“There’s a song called ‘Strawberry Fields Forever,’ ” the California Democrat declared on the Senate floor, as an aide displayed a poster of an icy berry patch. “This is a strawberry field,” Boxer continued, seeking funds for frostbitten fruit farmers. “It looks like an ice rink. The strawberries are somewhere in there; they are destroyed. I also want to show you oranges. . . . Here you can see the icicles near the avocados.”
The relationship between crops and troops was lost on Sen. Lindsey Graham (R-S.C.), who backed an amendment that would remove spending for sugar beets and other agricultural pursuits. “I don’t see how the asparagus-spinach problem helps us win in Iraq,” he argued at a news conference. “This is a bill designed to help people that are getting shot at.”
Oh? Immediately after this righteous plea in the Senate television studio, Graham went downstairs to the Senate floor and voted in support of an amendment to the Iraq bill directing an additional $5 billion to rural schools and counties — right here in the U.S. of A.
It’s common for lawmakers to complain that a spending bill is “loaded up like a Christmas tree” with pet projects. But the Iraq Emergency Supplemental Appropriations Act going through the Senate this week is unusual in that it is loaded up with Christmas trees.
Specifically, it includes $40 million for a Tree Assistance Program that provides help for Christmas trees and ornamental shrubs. Also in the Senate’s version of the Iraq bill: $24 million for sugar beets, $3 million for Hawaiian sugar cane, $13 million for the Ewe Lamb Replacement and Retention Program, $100 million in compensation for dairy losses, $165.9 million for fisheries disaster relief, and money for numerous other “emergencies.”
This offended the patriotism of a few senators, such as Jim DeMint (R-S.C.), who called on his fellow citizens to “stand up as Americans, not as spinach growers, not as milk producers, not as tree farmers.”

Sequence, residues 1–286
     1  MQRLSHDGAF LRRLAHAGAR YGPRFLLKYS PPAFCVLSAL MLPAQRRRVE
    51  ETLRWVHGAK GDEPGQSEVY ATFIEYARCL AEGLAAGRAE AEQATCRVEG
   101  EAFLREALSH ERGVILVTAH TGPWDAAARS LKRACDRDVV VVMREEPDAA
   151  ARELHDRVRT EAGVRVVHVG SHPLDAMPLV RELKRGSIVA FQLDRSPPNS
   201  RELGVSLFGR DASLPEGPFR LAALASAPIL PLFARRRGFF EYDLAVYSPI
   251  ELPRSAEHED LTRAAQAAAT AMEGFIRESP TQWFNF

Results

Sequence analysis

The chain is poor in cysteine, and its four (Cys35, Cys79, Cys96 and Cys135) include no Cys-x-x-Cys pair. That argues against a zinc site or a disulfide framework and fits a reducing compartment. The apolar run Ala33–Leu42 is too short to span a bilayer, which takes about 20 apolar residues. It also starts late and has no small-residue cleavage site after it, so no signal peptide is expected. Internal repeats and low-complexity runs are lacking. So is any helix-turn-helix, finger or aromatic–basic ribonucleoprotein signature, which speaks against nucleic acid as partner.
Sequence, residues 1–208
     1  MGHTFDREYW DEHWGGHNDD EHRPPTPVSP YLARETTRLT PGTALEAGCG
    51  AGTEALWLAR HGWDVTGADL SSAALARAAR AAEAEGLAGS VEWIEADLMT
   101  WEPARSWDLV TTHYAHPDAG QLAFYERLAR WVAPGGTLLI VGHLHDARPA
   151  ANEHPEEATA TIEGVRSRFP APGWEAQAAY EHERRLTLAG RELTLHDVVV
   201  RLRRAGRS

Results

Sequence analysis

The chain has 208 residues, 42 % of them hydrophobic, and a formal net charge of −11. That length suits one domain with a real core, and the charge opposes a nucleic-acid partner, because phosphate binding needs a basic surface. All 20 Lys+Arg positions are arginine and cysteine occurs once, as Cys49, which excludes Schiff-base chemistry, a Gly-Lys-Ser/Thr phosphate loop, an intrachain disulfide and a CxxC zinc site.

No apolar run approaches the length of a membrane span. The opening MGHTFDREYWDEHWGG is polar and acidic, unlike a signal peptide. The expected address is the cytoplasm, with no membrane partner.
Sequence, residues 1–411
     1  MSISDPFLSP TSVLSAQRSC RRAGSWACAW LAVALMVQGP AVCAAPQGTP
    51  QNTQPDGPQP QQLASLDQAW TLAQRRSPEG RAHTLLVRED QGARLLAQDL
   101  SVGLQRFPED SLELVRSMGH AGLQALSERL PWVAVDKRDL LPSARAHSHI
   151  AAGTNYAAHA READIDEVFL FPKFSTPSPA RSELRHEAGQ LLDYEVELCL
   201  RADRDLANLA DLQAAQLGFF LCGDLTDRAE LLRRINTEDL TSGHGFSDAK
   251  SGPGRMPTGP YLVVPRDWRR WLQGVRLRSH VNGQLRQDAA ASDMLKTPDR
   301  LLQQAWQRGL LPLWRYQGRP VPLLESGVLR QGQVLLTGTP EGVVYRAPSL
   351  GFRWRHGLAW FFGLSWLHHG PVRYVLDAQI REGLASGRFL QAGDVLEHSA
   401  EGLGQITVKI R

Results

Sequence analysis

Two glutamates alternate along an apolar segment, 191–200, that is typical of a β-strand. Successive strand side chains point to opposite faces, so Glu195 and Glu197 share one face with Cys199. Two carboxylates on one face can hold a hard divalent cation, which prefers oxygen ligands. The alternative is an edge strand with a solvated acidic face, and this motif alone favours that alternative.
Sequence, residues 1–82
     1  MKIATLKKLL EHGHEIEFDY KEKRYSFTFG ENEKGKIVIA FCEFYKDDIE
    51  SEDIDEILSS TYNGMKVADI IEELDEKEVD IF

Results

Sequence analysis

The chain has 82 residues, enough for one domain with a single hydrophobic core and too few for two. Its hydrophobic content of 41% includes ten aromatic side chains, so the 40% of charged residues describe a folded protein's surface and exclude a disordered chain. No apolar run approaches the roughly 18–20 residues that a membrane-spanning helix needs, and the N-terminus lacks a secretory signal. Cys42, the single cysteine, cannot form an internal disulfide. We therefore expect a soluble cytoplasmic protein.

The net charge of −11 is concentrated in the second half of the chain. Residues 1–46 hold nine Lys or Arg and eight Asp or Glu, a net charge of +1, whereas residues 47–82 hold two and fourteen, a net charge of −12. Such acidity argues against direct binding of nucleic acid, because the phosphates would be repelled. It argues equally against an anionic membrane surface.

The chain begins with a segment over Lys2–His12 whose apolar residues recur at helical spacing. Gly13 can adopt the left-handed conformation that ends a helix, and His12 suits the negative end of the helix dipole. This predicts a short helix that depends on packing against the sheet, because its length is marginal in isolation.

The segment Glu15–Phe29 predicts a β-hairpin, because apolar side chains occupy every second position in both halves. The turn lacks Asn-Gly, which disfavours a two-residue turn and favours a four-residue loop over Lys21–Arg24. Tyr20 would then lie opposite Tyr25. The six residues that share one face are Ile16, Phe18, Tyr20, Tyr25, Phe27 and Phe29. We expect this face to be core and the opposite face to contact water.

Most of his colleagues disagreed. They voted, 73 to 24, to keep the agricultural goodies in the Iraq package — and that doesn’t count the provisions for shrimp and peanuts in the House’s version of the legislation.
De stichting Thuiskopie moet geïnde heffingen zo snel mogelijk verdelen onder rechthebbenden, de jaarrekening en het jaarverslag worden openbaar en de tarieven worden de komende jaren bevroren. Dat heeft minister Hirsch Ballin van Justitie besloten naar aanleiding van een kritisch rapport over de stichting.
Thuiskopie int de thuiskopieheffingen op blanco informatiedragers, zoals lege dvd’s, cd’s of cassettebanden. Het geld wordt gebruikt om artiesten te vergoeden voor de kopietjes die consumenten thuis van hun werk maken.
De stichting ligt echter al geruime tijd onder vuur. Het College van Toezicht Auteursrechten (CvTA) constateerde dat de financiële verantwoording niet in orde is, en dat veel van het geïnde geld bij de stichting op de plank blijft liggen.
Hirsch Ballin heeft de stichting opgedragen de gelden zo snel mogelijk te verdelen. Volgens het CvTA zou de stichting nog enkele tientallen miljoen euro’s aan niet verdeelde heffingen bezitten. Geld dat niet aan artiesten kan worden uitgekeerd, moet terugvloeien naar de fabrikanten van de informatiedragers, schrijft de minister.
Mooi zo. Volgende stap, als blijkt dat ze dit gewoon niet nakomen, is natuurlijk opheffen.
Er waait een nieuwe wind door Nederland, nog steeds. De Nederlandse Publieke Omroepen, de organisatie die boven Ned 1, 2 en 3 staat, hebben een fundamentalistische christen Hoofd Programmeringen van de publieke zenders gemaakt. Ad de Boer is de machtigste man achter de christelijke schermen. Hij is voorzitter van de anti-abortusclub VBOK, hij is de baas van 93 gereformeerde kerken, als voorzitter van de NGK. Was hij moslim geweest, dan had ‘ie de titel Ayatolla gehad. Wij kennen Ad vooral als voormalig directeur van de EO, in de tijd dat hij des zondags niet-christelijken inhuurde om toch live-registraties van kerkelijke evenementen te kunnen doen. Politicus Ad de Boer heeft zeven kinderen, is raadslid namens de ChristenUnie/SGP in Nijkerk.